The 6th Lider's meeting of the governora of the region, Rovinj 27.3.2018.

The 6th Lider's meeting of the governora of the region,  Rovinj 27.3.2018. thumb thumb thumb thumb thumb

The second part of the 6th Lider's meeting of the governors of the region held in Rovinj was reserved for the financial industry, ie discussion of banks' efficiency in terms of reducing the net interest margins and other pressures on the business.

The topic of this lecture was given by economist analyst Velimir Šonje, who explained that the decline in margins can hardly be compensated by the increased in volume, which means that for the banking sector it remains only to increase efficiency. As he said, there are internal (technical) and external (wider efficiency)efficiency, paying attention to the first one by comparing the entire banking systems.

As he showed, the countries of the region according to three models of bank’s input and output analysis are mostly technically efficient, and Croatia retains relative efficiency even when compared with developed European banking systems. It follows that the room for increasing efficiency should be sought outside the banks themselves, within the regulatory environment, in the institutional framework, in the reforms and in the development of competition. One interesting finding of his analysis was the negative relation of the state's share of business and technical efficiency. In other words, as banks rely more on business with the state, the technical efficiency is lower. Consequently, banks in looking for their efficiency should also pay attention to this factor.

Regulatory tsunami
At the round table that followed, representatives of the banking sector in the region elaborated these ideas and gave their opinions about the near future for banks and their efficiency. At the question of Milan Deskar Škrbić's, the moderator, how to boost efficiency, President of Erste & Steiermarker's Bank Christoph Schoefboeck confirmed that banks are technically very efficient and that the net margin is falling, which can no longer be offset by higher revenues. The regulatory tsunami has further complicated the situation for banks and therefore banks have no choice but to be more efficient. Additionally, the director of the Croatian Association of Banks Zdenko Adrovic emphasized that in addition to increasing volume and cost-cutting, there are two other places to increase efficiency in Croatia: the coverage ratio (the ability of the bank to absorb potential losses of unanticipated loans) and high regulatory cost.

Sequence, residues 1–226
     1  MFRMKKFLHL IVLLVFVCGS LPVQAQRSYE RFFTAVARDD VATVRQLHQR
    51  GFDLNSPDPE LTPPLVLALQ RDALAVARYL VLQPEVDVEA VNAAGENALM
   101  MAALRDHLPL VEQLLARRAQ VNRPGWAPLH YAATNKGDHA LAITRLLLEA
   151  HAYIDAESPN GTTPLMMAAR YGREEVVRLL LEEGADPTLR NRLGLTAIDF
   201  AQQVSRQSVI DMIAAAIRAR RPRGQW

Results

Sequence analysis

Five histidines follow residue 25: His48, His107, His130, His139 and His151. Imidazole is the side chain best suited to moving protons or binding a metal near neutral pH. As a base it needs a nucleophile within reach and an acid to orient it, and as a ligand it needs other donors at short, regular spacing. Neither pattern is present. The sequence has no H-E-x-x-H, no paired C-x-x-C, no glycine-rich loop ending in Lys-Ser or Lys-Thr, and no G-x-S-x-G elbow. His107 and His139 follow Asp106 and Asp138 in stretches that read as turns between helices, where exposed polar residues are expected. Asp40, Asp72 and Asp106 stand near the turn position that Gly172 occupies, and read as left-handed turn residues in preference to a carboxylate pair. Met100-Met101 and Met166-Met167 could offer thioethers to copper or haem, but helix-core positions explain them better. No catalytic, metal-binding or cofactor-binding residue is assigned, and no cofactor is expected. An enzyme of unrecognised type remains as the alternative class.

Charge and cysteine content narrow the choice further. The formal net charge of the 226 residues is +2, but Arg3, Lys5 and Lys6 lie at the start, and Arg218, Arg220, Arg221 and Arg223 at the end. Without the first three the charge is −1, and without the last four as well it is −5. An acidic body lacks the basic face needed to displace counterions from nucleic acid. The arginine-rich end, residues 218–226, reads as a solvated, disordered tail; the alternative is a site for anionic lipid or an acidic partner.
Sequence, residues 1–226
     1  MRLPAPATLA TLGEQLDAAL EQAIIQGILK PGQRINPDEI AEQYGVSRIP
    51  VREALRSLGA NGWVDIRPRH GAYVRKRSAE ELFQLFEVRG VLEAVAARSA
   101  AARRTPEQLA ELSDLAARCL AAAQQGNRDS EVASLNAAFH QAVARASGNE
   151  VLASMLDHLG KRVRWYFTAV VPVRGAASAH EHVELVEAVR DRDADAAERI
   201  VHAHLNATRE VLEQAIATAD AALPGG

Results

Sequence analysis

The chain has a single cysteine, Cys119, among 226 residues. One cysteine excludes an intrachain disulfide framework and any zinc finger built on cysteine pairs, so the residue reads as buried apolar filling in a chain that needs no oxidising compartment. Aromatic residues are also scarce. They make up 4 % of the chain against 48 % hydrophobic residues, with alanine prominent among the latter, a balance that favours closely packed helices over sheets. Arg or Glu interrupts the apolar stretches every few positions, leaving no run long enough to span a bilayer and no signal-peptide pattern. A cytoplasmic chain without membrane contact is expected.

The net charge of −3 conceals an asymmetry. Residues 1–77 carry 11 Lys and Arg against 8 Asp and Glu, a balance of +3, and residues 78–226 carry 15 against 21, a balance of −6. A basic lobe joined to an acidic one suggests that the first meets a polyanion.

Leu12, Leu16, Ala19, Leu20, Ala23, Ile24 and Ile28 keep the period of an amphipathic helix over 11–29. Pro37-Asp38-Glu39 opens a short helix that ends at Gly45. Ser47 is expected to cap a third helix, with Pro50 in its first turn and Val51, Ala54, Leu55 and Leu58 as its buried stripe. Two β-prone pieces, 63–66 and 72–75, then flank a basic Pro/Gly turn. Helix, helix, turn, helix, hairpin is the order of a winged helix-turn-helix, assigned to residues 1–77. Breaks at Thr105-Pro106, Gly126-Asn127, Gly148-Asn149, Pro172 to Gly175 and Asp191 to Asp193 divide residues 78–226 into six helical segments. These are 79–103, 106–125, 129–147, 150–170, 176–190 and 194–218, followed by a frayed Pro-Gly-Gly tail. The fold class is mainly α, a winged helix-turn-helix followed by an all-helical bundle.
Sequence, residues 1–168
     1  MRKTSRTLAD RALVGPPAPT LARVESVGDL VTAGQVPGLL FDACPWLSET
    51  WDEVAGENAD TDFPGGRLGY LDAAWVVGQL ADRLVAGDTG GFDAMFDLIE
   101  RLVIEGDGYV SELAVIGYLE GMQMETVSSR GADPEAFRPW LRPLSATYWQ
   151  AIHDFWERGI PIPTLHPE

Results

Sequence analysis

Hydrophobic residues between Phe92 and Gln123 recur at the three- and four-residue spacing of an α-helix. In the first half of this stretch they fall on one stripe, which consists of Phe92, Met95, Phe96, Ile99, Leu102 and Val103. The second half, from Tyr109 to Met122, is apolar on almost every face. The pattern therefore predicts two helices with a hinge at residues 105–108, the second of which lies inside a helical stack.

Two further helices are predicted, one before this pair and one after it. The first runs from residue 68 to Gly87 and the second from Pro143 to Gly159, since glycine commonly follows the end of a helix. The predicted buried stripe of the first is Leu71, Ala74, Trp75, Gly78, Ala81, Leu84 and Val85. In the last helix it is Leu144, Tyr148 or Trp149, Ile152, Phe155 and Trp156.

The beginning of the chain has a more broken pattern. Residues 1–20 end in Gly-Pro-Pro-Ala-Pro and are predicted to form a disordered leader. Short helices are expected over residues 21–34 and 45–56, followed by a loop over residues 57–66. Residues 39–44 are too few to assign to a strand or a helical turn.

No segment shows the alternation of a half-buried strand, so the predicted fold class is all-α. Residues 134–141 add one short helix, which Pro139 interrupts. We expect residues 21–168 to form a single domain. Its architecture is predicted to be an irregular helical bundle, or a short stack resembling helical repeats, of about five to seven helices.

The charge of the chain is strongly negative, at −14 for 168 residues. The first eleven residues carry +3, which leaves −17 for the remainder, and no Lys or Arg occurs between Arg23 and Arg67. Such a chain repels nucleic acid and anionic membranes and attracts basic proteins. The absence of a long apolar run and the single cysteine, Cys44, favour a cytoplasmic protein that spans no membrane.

Increasing efficiency through deregulation
That entry into the euro area has brought pluses and minuses, said the director of the Slovenian Association of Banks, Stanislav Zadravec Caprirolo. For example, costs have increased due to increased regulation and fees (ESB, National Central Bank, Recovery Fund ...), but it has also increased robustness and created a security network for banks. He agreed with his colleagues that there is room for increasing efficiency through deregulation, especially when there is a high level of harmonization within the EU.

How much has the political instability influenced the banking sector in BiH and Macedonia, was explained by CEO of the Banking Association of BiH Berislav Kutle and deputy chairman of the Macedonian Banking Association Toni Stojanovski. BiH has the highest political instability, Kutle believes, which is why developing the banking sector is extremely difficult. Nevertheless, the banking sector is the most developed industry in BiH, he added, and profitability has never been higher. He warned that banks would have to cooperate with the financial technology sector instead of competing with them, as well as having to stop keep an eye on profitability only, which is just one of the efficiency benchmarks. Stojanovski was similarly thinking that political instability was very detrimental to the banks, but that, thanks to good fundamentals, they absorbed this shock.